Adjustment of district population to achieve equality is accomplished by determining whether any precincts or census blocks contiguous with the district boundaries have the correct population needed to make the necessary adjustment. Id. ¶ 11. This practical reality limits the State's ability not only to find census blocks with the precise population needed, but also to combine them in such a way that will achieve the target population exactly. The process often involves splitting precincts — the basic building blocks for any redistricting plan — and then trading census blocks located within those precincts back and forth between districts to achieve the required population balance. Id. Even if a census block with the appropriate population is located contiguous to the district boundary, it may not be possible to reassign that census block to the adjacent district if it is located in a district that itself needs the census block's population to achieve sufficient population. Id. 612. Due to limitations of widely variable population of census blocks, the location of suitable census blocks, and the configuration of districts as they are constructed from prior districts, it is sometimes impossible to obtain the necessary combinations of population within available census blocks to achieve perfect population equality among districts. Id. 613. Given the mathematical realities and these practical limitations of the redistricting process, the variance of 2 between the most and least populous districts in the State's plan was unavoidable. Consequently, it is clear that plaintiff's "one person, one vote" claim is frivolous.

Oddly, Duckworth's principal opposition to the asserted insubstantial nature of the claim under Article I is his citation to ¶ 35 of the first amended complaint. He argues that "paragraph 35 of plaintiff's complaint alleges that Bill 805 fails to make any good faith effort to achieve precise mathematical equality among the congressional district [sic] and adopt a plan of districting unrelated to fair representation in government, purposely drawn in accordance with gerrymandering principles." Pl.'s Opp., at 19. However, paragraph 35 does not address "good faith effort;" rather, paragraph 34 does. Paragraph 35 discusses employing reasonable and/or neutral criteria in districting. Duckworth further argues:

In paragraph 35 of the first amended complaint (mimicking the 1991 complaint), Duckworth has listed the "neutral criteria" identified in Karcher as "legislative policies that might justify some variance among the populations of the State's various congressional districts." See Veith, 195 F. Supp.2d at 677 (citing Karcher, 462 U.S. at 741). As discussed in text, however, the neutral criteria are relevant to the second prong of the Karcher test: the state's justification for a variance. As a matter of law, Duckworth's factual allegations, as informed by indisputable, judicially-noticed facts, and in the light of the prior decision of the three-judge court, are insufficient to state a cognizable claim under Article 1, § 2 of the Federal Constitution. Paragraph 35 also alludes to the Maryland Constitution, Art. III, § 4, which states that "[e]ach legislative district shall consist of adjoining territory, be compact in form, and of substantially equal population," and "[d]ue regard shall be given to natural boundaries and the boundaries of political subdivisions." However, while those requirements apply to reapportionment of districts for the Maryland General Assembly, Maryland law does not require that those criteria be used in Congressional redistricting.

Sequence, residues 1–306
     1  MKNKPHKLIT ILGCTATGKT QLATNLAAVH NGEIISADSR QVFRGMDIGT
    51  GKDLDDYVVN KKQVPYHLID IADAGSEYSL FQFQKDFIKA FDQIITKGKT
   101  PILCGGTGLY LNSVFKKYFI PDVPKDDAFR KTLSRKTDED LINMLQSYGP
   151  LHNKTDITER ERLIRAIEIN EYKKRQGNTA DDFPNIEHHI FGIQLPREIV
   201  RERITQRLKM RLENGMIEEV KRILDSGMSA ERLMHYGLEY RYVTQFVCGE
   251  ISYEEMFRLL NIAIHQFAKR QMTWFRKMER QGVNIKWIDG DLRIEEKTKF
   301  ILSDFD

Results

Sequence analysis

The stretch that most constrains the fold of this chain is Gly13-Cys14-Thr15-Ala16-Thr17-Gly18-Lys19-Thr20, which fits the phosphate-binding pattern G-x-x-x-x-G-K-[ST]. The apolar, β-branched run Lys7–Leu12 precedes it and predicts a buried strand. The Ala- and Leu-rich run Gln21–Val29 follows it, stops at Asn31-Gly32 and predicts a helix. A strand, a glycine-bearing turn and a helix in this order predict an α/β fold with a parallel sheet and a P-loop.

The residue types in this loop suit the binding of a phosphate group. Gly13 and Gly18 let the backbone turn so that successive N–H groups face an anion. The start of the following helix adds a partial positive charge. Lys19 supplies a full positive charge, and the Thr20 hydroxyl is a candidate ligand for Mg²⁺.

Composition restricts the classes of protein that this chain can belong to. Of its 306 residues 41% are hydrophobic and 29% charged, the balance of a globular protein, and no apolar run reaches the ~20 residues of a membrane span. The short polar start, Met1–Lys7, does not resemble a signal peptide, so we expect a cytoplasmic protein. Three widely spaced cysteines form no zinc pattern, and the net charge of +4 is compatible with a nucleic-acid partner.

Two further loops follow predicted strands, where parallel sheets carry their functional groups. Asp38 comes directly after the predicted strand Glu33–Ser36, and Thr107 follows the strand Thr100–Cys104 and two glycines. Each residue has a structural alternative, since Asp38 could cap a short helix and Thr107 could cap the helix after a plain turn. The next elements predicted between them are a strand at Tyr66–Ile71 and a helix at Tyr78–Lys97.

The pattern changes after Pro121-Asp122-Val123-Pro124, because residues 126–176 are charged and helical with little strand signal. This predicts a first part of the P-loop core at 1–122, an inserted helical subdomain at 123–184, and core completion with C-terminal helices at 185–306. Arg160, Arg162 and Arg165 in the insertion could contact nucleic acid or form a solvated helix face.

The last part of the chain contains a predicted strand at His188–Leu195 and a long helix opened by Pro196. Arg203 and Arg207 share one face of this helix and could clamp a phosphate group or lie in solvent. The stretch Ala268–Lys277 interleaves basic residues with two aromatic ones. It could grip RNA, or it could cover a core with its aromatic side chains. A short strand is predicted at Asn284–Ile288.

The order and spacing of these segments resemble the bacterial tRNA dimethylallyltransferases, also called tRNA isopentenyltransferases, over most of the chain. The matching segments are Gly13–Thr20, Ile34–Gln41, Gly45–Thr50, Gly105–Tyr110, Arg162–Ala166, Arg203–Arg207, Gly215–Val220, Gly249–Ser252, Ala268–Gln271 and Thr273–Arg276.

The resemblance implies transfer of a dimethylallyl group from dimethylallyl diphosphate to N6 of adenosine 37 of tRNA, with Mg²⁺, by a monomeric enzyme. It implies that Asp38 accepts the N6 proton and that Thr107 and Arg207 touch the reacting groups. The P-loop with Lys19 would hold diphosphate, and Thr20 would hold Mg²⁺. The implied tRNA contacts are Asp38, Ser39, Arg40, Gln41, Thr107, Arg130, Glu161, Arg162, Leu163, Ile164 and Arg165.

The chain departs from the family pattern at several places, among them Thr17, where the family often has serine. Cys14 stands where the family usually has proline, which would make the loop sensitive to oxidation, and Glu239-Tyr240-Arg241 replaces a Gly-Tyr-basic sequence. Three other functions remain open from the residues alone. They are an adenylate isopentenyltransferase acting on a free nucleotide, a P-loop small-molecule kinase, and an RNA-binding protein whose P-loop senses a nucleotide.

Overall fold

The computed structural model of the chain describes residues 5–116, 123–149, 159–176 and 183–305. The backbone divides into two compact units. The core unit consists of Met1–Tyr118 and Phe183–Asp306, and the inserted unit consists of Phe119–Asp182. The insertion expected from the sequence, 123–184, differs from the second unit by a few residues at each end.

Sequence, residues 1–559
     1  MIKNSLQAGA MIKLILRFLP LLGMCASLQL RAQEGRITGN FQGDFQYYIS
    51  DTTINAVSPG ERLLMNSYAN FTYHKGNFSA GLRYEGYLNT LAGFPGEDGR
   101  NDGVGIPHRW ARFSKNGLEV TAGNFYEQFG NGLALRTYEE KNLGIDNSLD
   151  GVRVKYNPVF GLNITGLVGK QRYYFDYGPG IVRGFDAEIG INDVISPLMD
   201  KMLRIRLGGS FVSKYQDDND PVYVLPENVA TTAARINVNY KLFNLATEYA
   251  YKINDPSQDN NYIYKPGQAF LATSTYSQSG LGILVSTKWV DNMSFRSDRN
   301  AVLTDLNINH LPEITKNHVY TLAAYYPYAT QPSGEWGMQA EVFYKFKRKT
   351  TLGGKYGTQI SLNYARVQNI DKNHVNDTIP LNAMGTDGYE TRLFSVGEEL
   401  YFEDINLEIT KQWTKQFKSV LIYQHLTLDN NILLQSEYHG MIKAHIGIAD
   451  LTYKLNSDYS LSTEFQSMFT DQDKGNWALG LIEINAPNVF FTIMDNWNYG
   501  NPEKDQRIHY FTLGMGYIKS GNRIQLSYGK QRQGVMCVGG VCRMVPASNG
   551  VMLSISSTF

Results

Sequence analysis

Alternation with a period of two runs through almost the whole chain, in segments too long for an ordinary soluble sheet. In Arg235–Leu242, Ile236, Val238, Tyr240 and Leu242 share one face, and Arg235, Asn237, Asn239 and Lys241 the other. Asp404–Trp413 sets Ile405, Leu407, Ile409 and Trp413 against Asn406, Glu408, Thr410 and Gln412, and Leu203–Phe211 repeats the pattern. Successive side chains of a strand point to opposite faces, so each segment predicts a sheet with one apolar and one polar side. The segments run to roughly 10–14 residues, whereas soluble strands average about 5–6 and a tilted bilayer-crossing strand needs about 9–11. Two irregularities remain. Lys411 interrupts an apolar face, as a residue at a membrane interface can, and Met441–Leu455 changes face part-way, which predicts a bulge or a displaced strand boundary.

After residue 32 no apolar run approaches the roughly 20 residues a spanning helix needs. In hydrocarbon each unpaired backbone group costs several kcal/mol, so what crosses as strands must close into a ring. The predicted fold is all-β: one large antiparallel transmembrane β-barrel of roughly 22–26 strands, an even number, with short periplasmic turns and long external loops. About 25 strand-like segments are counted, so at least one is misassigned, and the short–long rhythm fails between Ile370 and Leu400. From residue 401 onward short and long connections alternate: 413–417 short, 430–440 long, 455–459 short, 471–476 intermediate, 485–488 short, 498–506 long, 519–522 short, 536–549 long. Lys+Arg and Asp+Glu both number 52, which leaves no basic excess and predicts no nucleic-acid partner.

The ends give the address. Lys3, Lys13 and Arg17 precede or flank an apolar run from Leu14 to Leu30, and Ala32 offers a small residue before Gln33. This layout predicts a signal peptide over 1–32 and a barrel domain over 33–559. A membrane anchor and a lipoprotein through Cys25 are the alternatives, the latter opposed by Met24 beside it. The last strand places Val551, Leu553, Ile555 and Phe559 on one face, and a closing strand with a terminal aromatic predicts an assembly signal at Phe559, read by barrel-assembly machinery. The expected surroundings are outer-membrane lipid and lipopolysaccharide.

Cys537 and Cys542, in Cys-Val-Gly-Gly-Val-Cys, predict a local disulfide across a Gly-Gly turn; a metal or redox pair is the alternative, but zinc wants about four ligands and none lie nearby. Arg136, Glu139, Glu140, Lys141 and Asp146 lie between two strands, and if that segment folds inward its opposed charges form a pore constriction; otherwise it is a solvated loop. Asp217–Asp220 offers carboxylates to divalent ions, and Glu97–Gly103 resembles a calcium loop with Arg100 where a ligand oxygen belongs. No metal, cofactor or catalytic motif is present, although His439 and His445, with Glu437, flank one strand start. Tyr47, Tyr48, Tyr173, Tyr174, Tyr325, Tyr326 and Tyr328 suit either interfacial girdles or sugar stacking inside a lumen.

[T]wo other plans with . . . population [variances equal to the plan at issue] were submitted via amendment but rejected. The plain fact of the matter is while these two [proposals] were less than desirable from plaintiff's perspective, they did prevent two incumbent congressman [sic] from running against one another. And clearly, without citation, the Supreme Court has said one of the reasons for which population deviation may be less than equal is an effort to avoid incumbent congressman from running against one another. There [sic] rational and reasoning for this is very simple. Congressman [sic] are the people's representatives and if a plan is submitted which respects two congressional members it also respects the people which they represent.

Id. (emphasis added).

This argument, to the extent it is comprehensible at all, is unavailing. The fact that two incumbent congressmen now have to run against each other does not become a factor in the analysis until plaintiff has satisfied his initial burden of alleging facts pursuant to which a smaller population variance can be achieved. This he has not and, as a matter of law, cannot do. As stated supra, if plaintiff could meet his burden, then defendants would have the burden of proving that the population deviation was "necessary to achieve some legitimate goal." Karcher, 462 U.S. at 731. The Karcher Court gave examples of "legislative policies that might justify some variance among the populations of the State's various congressional districts," one of which is whether the plan avoids "contests between incumbent Representatives." Veith, 195 F. Supp.2d at 677 (citing Karcher, 462 U.S. at 741). Accordingly, it is irrelevant that the current districting plan requires two incumbent representatives to run against each other, as it is evident that plaintiff has not met his burden to plead a colorable violation.